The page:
Ripples at the Edge of the Universe
The Cosmic Background Explorer satellite was launched twenty five years after the discovery of the microwave background radiation in 1964. In spectacular fashion in 1992, the COBE team announces that they had discovered `ripples at the edge of the universe’, that is, the first sign of primordial fluctuations at 100,000 years after the Big Bang. These are the imprint of the seeds of galaxy formation.
These appear as temperature variations on the full sky picture that COBE obtained. They are at the level of only one part in one hundred thousand. Viewed in reverse the Universe is highly uniform in every direction lending strong support for the cosmological principle.
The thumbprint image below shows the temperature of the universe in all directions projected onto a plane (similar to a map of the earth):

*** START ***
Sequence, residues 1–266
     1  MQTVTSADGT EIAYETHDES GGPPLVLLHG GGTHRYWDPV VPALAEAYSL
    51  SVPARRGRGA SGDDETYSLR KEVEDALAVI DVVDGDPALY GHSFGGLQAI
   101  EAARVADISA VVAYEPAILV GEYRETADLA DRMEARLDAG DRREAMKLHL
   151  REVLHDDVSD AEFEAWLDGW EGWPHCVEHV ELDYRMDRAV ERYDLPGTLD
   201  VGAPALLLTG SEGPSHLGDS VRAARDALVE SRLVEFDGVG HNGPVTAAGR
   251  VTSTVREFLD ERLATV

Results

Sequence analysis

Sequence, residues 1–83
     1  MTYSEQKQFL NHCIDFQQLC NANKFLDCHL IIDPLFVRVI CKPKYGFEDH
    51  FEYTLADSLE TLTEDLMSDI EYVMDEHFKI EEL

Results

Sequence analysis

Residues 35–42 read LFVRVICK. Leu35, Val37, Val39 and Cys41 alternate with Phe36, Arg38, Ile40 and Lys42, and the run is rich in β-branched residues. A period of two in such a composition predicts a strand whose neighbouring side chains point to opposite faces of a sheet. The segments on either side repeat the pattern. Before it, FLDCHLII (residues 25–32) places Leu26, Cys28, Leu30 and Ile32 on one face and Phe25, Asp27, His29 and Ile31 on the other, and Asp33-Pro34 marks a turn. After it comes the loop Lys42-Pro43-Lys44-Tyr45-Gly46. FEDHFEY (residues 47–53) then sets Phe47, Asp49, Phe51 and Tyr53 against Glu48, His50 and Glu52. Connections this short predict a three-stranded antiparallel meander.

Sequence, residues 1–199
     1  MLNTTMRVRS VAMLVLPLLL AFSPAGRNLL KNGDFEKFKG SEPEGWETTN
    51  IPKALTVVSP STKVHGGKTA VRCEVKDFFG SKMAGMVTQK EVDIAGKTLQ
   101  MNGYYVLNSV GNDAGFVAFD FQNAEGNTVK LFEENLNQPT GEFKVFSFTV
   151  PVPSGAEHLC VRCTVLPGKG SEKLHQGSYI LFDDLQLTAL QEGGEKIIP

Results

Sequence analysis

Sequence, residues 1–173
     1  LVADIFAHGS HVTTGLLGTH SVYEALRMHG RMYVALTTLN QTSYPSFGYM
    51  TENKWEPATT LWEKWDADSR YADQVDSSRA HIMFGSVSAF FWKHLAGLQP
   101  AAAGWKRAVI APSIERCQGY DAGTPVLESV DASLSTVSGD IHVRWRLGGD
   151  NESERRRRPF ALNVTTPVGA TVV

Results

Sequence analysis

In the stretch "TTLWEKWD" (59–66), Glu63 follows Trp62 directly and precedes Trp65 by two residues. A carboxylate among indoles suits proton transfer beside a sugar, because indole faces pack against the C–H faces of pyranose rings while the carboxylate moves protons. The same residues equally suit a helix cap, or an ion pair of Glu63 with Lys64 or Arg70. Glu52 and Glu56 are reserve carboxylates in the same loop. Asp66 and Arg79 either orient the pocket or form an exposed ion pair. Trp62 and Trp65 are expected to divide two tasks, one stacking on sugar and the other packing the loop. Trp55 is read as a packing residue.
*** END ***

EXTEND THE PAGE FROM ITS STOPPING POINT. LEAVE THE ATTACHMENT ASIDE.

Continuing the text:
- The raw temperature map (top) has a large diagonal asymmetry due to our motion with respect to the cosmic microwave background – a Doppler shift.
- The temperature fluctuations after subtraction of the velocity contribution, showing primordial fluctuations and a large radio signal from nearby sources in our own galaxy (the horizontal strip).
- The primordial fluctuations after subtraction of the galaxy signal.